When Hurricane Matthew hammered Haiti as a Category 4 storm in the early-morning hours of Oct. 4, meteorologists and humanitarian groups assumed the worst. Three weeks later, a full-blown calamity continues to unfold in western Haiti.
Aid groups are still surveying the damage, but it has been an extremely slow and painful three-week period for the country. The storm brought deadly wind and rain, but it also yielded concerns of disease in the disaster’s aftermath – fears that have proven legitimate.
“We can tell you that when our teams arrived, they compared the area to that of a bomb blast,” Dr. Joanna Cherry, chief medical officer of Hospital Bernard Mevs’ Project Medishare in Port-au-Prince, told NPR. “There’s no leaves left on any trees. There’s very little foliage still standing. There’s no shade in any areas. Multiple houses had their roofs taken off during the storm.”
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A man named Mason, with cholera symptoms, receives medical attention at Saint Antoine Hospital of Jeremie, southwestern Haiti, Saturday, Oct. 22, 2016. (HECTOR RETAMAL/AFP/Getty Images)
One town that took Matthew’s most direct hit was Jérémie. According to the Norwich Bulletin, that town experienced devastating winds for a combined nine hours before and after the eye passed. In a developing nation, there’s just no way structures can survive a battering of that magnitude.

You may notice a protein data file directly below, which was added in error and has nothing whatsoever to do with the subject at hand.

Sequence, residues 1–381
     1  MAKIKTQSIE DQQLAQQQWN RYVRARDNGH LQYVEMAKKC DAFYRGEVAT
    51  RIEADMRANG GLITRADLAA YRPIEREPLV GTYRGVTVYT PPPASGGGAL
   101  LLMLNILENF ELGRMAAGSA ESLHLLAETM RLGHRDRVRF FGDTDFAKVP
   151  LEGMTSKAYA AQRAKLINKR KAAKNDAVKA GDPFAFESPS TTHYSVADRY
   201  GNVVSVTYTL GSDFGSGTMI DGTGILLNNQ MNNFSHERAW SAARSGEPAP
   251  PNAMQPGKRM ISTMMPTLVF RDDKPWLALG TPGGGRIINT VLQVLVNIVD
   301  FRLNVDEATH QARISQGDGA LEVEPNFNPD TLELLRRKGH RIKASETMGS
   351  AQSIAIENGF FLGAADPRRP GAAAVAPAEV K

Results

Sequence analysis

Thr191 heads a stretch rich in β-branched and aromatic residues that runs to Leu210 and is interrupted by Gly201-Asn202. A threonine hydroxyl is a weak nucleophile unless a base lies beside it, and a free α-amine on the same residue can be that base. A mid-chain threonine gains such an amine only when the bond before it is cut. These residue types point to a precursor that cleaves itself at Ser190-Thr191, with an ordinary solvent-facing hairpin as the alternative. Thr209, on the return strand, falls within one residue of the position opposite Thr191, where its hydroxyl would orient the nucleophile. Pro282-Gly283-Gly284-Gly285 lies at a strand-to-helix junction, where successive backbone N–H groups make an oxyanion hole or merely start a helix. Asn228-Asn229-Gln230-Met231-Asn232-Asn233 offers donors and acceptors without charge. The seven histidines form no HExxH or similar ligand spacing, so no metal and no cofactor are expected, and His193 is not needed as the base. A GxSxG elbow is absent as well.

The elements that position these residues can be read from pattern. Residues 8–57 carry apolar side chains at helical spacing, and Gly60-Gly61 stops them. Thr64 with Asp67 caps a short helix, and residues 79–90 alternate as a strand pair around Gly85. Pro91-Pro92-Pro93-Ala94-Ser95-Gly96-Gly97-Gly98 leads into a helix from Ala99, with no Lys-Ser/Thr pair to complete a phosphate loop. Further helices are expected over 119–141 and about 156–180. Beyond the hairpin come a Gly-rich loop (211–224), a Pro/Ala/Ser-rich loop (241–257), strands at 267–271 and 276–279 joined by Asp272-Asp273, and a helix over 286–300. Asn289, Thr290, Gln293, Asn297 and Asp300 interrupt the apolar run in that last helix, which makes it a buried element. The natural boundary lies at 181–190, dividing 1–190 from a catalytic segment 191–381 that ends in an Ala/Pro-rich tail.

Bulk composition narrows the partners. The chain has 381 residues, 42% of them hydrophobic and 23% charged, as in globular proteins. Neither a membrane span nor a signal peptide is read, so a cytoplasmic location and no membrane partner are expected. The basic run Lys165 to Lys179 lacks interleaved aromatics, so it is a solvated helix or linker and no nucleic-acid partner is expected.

Although the death toll varies by a wide margin, local aid groups say hundreds died in Jérémie and the surrounding villages, if not thousands.
“The fatalities being reported in the media are grossly underestimating what has happened,” Dr. Jeremiah Lowney, founder of the Haitian Health Foundation, told the Norwich Bulletin.
In Les Cayes, located in Haiti’s southwest, there’s still no accurate death toll, and Mayor Jean Gabriel Fortune told the Associated Press that some towns may be inflating the number of fatalities in an effort to get additional aid.
“I do think there are Haitians who are boosting numbers with the objective of attracting this relief they have heard about but are not benefiting from,” he told the AP. “And I also know that when central government officials claim they have things under control, they don’t know what they’re talking about.”
As aid groups continue trying to reach hard-hit, rural areas, fears are rising that diseases such as cholera and tetanus will kill more Haitians. Waterborne diseases, Cherry said, have only worsened as rainfall persisted in the days following the hurricane. It’s just another reminder that Matthew’s impacts will linger for months.
“There’s no life here, at all,” Haiti’s Health Education Project Coordinator Samuel Bastien told WUFT.org. “And it’s really really sad to see that the people still stick around here because they don’t have any other place to go. They’re just right next to their broken house.”
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